Media has grasped control of my life from me in the past few months. Case and point: I’m sitting here, trying to figure out how to start this post, frustratedly deleting trite openings. Meanwhile, my mind wanders to all the anime, films, games, music, online videos, social media, and other miscellaneous media outlets that are constantly vying for my undivided attention.
Can I double them up? I could play an arcade-esque game on low volume while listening to YouTube in the background. Or perhaps I should spin some tunes while browsing Twitter and forums I frequent. But then what about anime? What about narrative-driven games? Heck, what about the blog? I feel guilty not producing more frequent content while simultaneously needing to consume all of that media in order to be able to do it. Where’s the balance? How do I make the right choices that will lead to the most worthwhile content, like watching seasonal anime to maintain a speck of relevancy amongst my contemporaries? Or should I just take the edge off and do something completely separated from my writing, such as playing in the latest limited-run Overwatch event? This isn’t even to mention the real life obligations, be they work, friends, family, errands, concerts, or simply going out for a walk to keep myself from becoming Lain.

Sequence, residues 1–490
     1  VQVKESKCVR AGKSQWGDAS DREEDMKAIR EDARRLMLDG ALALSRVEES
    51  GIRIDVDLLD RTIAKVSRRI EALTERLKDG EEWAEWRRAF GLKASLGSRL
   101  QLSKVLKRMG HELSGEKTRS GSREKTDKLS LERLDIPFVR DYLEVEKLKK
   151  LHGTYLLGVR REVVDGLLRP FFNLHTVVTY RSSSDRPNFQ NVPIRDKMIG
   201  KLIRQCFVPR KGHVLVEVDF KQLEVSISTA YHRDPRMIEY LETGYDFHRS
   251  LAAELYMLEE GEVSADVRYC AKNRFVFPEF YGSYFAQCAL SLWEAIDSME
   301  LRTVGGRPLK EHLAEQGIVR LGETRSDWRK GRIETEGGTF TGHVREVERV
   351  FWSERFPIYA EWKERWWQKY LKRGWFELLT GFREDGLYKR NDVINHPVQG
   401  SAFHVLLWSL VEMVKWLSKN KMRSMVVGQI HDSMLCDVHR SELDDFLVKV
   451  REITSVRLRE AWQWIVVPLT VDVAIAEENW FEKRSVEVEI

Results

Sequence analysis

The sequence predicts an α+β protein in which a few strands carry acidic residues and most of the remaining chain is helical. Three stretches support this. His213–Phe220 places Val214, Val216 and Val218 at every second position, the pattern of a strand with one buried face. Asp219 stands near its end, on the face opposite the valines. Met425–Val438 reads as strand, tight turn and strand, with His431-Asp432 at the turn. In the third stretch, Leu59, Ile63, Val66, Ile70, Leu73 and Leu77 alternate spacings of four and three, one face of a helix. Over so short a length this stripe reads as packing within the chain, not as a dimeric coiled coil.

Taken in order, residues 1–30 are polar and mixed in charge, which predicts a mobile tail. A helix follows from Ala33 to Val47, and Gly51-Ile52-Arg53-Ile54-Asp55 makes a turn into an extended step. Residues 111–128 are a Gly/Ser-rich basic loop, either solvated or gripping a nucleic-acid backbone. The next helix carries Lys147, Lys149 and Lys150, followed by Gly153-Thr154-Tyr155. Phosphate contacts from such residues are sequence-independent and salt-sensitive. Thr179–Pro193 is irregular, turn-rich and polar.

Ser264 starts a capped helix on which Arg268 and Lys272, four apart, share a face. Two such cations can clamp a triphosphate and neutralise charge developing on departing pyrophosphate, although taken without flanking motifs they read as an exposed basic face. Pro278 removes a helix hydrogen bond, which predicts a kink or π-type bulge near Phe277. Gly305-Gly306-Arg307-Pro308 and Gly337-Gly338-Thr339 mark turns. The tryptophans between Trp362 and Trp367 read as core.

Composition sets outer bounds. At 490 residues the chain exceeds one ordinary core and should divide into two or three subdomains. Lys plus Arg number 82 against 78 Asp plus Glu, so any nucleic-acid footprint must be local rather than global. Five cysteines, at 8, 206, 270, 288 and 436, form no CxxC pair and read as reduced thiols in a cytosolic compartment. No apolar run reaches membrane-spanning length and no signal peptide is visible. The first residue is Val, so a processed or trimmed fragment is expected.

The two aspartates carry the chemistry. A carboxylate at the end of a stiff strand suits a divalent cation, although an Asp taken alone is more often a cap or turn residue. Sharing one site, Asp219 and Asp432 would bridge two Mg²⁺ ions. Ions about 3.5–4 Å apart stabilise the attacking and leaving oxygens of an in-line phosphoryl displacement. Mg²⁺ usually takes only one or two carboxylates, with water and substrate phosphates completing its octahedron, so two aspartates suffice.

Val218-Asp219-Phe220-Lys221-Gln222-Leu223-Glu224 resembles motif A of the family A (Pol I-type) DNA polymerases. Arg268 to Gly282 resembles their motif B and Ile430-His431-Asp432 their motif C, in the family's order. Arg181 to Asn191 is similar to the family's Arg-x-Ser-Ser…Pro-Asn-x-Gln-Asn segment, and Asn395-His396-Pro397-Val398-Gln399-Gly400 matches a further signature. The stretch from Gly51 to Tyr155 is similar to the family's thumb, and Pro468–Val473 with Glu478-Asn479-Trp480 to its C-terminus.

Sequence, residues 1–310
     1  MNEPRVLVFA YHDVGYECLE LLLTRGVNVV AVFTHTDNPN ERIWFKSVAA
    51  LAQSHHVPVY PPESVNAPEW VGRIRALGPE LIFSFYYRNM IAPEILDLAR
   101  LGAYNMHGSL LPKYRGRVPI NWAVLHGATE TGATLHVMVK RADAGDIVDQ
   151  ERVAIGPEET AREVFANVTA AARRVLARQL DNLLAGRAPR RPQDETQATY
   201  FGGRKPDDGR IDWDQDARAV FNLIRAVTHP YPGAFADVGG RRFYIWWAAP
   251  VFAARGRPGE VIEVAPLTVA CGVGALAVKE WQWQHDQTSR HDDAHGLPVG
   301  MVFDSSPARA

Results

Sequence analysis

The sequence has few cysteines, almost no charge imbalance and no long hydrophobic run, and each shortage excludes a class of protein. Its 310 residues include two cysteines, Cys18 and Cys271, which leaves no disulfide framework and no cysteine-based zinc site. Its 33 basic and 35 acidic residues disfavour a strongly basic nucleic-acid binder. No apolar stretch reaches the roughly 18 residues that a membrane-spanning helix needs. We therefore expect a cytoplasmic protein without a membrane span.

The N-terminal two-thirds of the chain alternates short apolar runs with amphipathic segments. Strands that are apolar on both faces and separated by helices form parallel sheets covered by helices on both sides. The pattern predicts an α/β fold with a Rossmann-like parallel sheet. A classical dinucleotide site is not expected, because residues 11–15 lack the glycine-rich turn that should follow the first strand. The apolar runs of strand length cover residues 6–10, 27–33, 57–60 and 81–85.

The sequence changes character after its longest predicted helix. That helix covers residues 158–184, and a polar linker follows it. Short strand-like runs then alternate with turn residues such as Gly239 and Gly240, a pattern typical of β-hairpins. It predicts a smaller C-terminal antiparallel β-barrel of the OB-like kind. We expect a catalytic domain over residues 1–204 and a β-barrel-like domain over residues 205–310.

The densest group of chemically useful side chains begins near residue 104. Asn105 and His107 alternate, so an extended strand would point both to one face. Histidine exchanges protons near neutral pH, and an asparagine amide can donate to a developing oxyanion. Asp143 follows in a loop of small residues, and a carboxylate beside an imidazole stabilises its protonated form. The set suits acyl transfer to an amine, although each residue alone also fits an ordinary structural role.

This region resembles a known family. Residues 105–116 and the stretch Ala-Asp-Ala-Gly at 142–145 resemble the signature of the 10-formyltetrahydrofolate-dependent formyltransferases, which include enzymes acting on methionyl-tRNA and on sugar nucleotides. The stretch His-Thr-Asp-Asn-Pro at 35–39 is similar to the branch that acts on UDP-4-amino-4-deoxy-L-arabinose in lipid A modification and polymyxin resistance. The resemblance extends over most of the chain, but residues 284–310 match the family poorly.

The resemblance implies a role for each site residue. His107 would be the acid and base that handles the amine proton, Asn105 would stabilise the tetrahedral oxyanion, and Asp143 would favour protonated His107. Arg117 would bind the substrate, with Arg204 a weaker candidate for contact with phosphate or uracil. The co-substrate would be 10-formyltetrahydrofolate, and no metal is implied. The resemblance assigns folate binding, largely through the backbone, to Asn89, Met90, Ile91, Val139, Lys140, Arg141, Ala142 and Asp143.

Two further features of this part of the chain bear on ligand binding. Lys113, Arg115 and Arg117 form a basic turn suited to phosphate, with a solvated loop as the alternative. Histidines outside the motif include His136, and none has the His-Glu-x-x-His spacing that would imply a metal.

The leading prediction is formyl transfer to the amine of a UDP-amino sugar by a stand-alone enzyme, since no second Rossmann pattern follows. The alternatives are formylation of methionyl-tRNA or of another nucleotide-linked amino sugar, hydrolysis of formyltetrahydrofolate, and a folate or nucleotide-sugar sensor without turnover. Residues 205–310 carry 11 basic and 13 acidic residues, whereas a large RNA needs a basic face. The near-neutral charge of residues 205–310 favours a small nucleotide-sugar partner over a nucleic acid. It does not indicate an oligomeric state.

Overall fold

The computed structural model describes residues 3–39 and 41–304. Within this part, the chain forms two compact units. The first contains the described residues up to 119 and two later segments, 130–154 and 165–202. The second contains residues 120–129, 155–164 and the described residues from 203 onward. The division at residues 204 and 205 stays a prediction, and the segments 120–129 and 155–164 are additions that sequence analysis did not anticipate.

Confronted with this barrage of choice, I shut down. I become depressed. I just want to sleep, the only way to momentarily escape from the stress of what’s not getting done. Soon, my waking hours become a nightmare of ennui. Getting my body over to the couch to watch something feels akin to running a marathon, and forced writing sessions become an exercise in staring at a blank screen, hoping in vain that words will formulate. All of this fuels the vicious cycle of unproductivity.
There’s a misconception that creatives are at their best when in the throws of depression. It plays into the fantasy of the tortured soul funneling their demons into a masterpiece, something our pop culture has romanticized into sex appeal. Well, there’s nothing sexy or even remotely true about it. The notion runs counter to the debilitating nature of depression. This is to say that depression doesn’t lead to better work getting done but rather no work at all. You recede within yourself emotionally, consolidate yourself to an enclosed space and become listless. For me it often means slipping into bed, eyes glued to my laptop as I watch mindless YouTube videos (aka politics) to distract myself from the responsibilities I’m eschewing. It’s destructiveness via an inability to do anything. Even the things you love to do most become a burden, thus you deny yourself the things that bring you joy.